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This article was published 30/7/2014 (1031 days ago), so information in it may no longer be current.
A man who died during an armed standoff with Winnipeg police at a North End home was recently ordered evicted following a legal dispute with relatives over his right to live there.
On July 10, Andrew Baryluk, 52, saw Manitoba's top court deny his appeal of a recent Residential Tenancies Board order granting possession of 512 Stella Ave. to another family member.
The home had been sold by relatives to a third-party but Baryluk maintained there had been an agreement he could live there indefinitely, according to court records.
After a full hearing in June, the RTB ordered him to vacate the house by no later than 11:59 p.m. on July 6, but that order was held in abeyance pending the outcome of his case in the Court of Appeal.
Police this afternoon identified Baryluk as the man they found dead inside the home after a 17-hour standoff that started Wednesday morning but didn't conclude until around 3 a.m. this morning.
Police spokesperson Det-Sgt. Natalie Aitken said an investigation by the Winnipeg Police Service's homicide unit is trying to determine those facts.
What we do know is this: At about 10:45 a.m. Wednesday, officers went to the home on a call about a distraught man. Prior to arriving, officers learned the man was possibly armed and had made threats to harm himself.
A number of police units arrived on scene and secured the area. Some nearby residences were evacuated as a precaution.
The standoff took police well into the night and into Thursday morning. Aitken said the reason was police wanted to minimize risk to everybody, including Baryluk.
"We want to, as a police service, ensure that our main priority is the safety of all those involved, whether that's the people in the area, the individual himself, or the officers attending that scene. It's not taken lightly and we try to, as much as we can, resolve situations," she said.
Aitken said throughout the afternoon and into the evening, police made contact with the man and spoke to him. Then, shortly after 8:20 p.m. shots were fired from within the house, and police fired back.
Members of the heavily armed Tactical Support Team members entered the home around 3 a.m. and an unconscious man was found. A paramedic from the team confirmed the man was dead.
No officers were injured during the incident.
The standoff lasted about 17 hours.
During that time, what sounded like gunshots rang out several times through the night, along with the sound of breaking glass, ending around 1:41 a.m. After that there was silence, until police cruisers started leaving around 3 a.m.
The standoff began shortly after 10:45 a.m. Wednesday, when police received a phone call.
"The information that we did have is that the male was possibly threatening to harm officers and potentially himself," Aitken said early Thursday morning, from a command post down the street from the home.
By mid-evening, the officers apparently threw a flash grenade into the home in an attempt to get the "armed and barricaded" man to give himself up, a police source told the Free Press.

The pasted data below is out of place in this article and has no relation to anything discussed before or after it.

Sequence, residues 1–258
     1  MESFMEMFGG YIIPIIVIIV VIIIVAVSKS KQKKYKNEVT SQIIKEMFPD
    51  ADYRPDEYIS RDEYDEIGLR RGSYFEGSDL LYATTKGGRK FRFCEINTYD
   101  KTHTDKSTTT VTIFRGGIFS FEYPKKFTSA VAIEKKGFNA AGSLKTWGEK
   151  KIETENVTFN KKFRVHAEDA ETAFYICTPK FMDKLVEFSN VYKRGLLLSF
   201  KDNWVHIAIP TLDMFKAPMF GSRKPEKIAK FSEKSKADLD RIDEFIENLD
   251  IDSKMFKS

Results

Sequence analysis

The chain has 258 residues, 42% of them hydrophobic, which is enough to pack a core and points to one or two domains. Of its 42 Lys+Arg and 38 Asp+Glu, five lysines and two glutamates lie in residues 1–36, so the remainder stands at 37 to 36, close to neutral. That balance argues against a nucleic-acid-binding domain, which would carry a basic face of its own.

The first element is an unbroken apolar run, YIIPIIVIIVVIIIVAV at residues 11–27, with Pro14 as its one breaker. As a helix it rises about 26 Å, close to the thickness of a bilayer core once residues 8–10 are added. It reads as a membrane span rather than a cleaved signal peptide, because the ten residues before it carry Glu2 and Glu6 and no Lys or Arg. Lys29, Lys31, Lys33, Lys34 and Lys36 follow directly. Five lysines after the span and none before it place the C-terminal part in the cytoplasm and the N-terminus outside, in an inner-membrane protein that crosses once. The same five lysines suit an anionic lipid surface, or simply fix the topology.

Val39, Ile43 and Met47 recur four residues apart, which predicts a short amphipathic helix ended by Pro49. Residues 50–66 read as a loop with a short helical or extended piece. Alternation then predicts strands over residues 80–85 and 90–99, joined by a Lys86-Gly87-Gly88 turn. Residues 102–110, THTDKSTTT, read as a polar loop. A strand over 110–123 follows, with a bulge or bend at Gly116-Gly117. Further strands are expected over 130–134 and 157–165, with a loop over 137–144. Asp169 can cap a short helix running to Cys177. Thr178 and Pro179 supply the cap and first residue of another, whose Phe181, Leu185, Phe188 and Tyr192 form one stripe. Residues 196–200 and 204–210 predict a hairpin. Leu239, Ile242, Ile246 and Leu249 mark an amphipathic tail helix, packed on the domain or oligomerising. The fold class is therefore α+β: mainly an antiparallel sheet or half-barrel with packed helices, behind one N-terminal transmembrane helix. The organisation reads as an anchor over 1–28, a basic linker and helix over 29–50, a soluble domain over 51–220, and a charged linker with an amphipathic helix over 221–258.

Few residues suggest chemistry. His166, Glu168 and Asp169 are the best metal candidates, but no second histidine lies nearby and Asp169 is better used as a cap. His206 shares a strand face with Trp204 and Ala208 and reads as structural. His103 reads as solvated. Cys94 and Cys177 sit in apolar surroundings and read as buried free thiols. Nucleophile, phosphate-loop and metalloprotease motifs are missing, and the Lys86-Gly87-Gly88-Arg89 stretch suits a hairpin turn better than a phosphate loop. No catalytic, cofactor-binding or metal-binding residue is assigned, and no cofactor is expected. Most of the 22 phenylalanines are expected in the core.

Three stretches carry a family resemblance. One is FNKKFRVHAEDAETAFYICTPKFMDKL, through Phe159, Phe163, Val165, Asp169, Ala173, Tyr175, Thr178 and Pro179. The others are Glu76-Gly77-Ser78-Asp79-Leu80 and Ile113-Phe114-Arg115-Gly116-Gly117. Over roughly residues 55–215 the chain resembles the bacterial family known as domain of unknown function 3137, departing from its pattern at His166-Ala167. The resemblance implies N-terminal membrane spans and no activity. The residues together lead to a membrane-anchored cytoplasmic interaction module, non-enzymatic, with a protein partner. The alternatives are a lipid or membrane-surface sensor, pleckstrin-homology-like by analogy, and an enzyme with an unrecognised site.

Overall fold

But the man responded by opening fire on the officers. Nobody was hit, but police fired back, Aitken said.
Aitken confirmed police cut power to the home, and several neighbouring residences, as darkness began to fall.
Neighbours were moved to buses for their comfort and safety, Aitken said.
"We have evacuated a number of people. Our main concern is their safety... we're trying to make this as comfortable as possible," she said.
Police were still talking and negotiating with the man into the wee hours of Thursday morning.
Throughout the night bangs could be heard, some sounding like gun shots, and some louder.
Adjacent properties were either evacuated or residents told to stay in their homes, Aitken said. Those evacuated won't be able to go back until all the evidence at the scene has been collected.
"We'll be on scene for quite some time. The residents within that direct area ... would not be permitted back in until that's cleared by our identification specialist," she said.
An area resident who declined to give her name said she saw three officers in front of her house, crouched behind a police cruiser. The officers told her to get out, she said.
The resident had recently moved to the area, and said she was shocked at what had happened. She was told when moving that this was a quiet neighbourhood.
"It's kind of put a shock into us all," she said.
"We're from the country. The worst we hear (there) is a dog fight."
The resident left her house, with her family, but with no shoes, and no diapers for her grandchildren. She said she hoped the situation would resolve quickly.
"I just want this to be over. I just want to put my grandkids to bed," she said.
Aitkens estimated five or six members of the Tactical Support Unit were placed on administrative leave. It's a standard move when shootings involving police happen, Aitken said.
"It really is for the health and well-being of our members, and for the investigation to go forward, for them to take some time out of the workplace," she said.
—With files from James Turner